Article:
This Dubai office space manages to please both the young and the senior

Dubai – When Pallavi Dean and her team at Roar were doing employee interviews for the design of the new Edelman offices, they were met with a cacophony of different answers. The youngest staff members wanted to, literally, lie down on the carpet with their laptops. The senior employees, who would rather drop dead than drop to the floor, wanted more acoustic and visual privacy.

Instead of choosing one option, the Indian designer asked, ‘Why not both?’ That’s how the ingeniously diverse environments of the PR agency’s Dubai office were born.

For the junior staff, Dean created a special break space with bean bags where they could recline while parallel to the floor, with the liberty of writing on a customized wall and the chance to take conference calls. Oh, and just to drive the point home, the wallpaper features a pattern of rebel banana peels – because this team is bananas. B-A-N-A-N-A-S.

In the Edelman Dubai office, vibrant colours and textiles allow for maximum visual stimulation. Furniture by Italian design company Pedrali complement exercise of the eye with a physical element in the common areas. In order, the images feature the Nolita stools and tables, the Ikon bench, Concrete table, Malmo table, Buddy pouf and Wow pouf.

For the more restrained employees, there’s a designated desk space spliced with tall joinery elements that act as visual screens – that way, employees can still focus while remaining accessible. For those who need an extra layer of privacy or want to hold meetings that require confidentiality, the Roar team designed a series of City Lofts that can be booked as needed.

And yet, the standout space in the 1,000 sq-m office is actually a hybrid of both: the Urban Park (see the cover image) is part amphitheatre, part pantry table, part hot desk, where the staff can gather to host client workshops, lunch breaks and informal meetings.

To lay out these spaces, the team employed a series of thorough discussions that aimed to get at the core of functional, sensorial and even emotional aspects of the office’s workings. Dean and her team wanted people to speak freely, so employees and employers were separated in order to nurture unconstrained answers to questions such as ‘What do you hear when you are in this section of the office?’ or ‘Do you consider these sounds pleasant or unpleasant?’ After a detailed gathering of data, the key findings from a set of more than 100 responses helped the design team make recommendations in the shape of a 150-page report. ‘It’s a painstaking process, but once you arrive to the two or three findings that best serve the needs of that client, you have the guiding principles for the project,’ explained Richard Dean, the studio’s managing director.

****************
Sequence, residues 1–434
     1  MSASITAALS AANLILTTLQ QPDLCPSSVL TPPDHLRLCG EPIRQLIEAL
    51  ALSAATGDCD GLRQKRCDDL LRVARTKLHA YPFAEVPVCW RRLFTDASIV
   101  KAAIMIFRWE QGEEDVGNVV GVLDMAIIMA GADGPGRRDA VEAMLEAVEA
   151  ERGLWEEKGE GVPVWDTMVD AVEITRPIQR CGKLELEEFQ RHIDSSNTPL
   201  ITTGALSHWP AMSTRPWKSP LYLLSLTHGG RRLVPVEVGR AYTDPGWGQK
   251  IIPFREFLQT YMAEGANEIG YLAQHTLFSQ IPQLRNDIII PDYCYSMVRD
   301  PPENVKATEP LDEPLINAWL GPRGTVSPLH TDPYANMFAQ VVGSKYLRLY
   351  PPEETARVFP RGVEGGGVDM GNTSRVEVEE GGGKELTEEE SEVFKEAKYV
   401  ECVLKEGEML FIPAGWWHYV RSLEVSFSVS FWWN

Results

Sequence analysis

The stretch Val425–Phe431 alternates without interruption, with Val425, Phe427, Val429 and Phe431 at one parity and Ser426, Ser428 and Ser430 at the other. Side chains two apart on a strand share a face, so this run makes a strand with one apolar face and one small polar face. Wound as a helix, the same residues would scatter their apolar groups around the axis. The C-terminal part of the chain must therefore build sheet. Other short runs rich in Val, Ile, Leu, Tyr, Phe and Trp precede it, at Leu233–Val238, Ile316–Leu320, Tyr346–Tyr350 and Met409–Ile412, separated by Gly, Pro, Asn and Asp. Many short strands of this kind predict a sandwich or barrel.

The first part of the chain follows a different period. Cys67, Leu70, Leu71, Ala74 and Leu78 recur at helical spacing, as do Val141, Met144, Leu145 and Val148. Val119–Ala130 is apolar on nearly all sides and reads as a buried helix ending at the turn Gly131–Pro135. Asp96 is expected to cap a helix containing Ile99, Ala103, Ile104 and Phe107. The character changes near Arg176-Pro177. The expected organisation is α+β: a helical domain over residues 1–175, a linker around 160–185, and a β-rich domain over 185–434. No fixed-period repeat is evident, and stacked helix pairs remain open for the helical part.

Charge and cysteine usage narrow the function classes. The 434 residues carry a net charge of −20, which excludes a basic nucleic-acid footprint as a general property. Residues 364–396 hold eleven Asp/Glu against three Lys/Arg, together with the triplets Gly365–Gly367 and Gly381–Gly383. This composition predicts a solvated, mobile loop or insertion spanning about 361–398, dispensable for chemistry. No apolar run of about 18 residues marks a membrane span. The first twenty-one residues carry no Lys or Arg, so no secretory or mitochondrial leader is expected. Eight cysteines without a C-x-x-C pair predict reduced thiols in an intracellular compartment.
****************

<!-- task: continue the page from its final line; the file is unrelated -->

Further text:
The design brief was to create not just a great office space, but a home that would help the team unite

But why were such deep surveys and detailed focus groups conducted in the first place, including everyone from the C-Suite to the interns? Edelman, as Dean explained, was really focused on making everyone feel comfortable and, most importantly, integrated: before opening the new office, the firm had been operating from two spaces in Dubai – the old Edelman office and the old DABO & Co. space; the latter was a result of the communications giant acquiring the local firm in 2015.

‘The design brief was to create not just a great office space, but a home that would help the team unite,’ Dean said. And while the end result makes an effort to divide spaces by working styles, sensory preferences and even colour schemes, it is by respecting these differences that the whole of Edelman Dubai comes together as a better whole.

The Edelman Dubai office by Roar (formerly Pallavi Dean Interiors) is one of the participating projects in the Spatial Awards - Office category in the upcoming edition of the Frame Awards.

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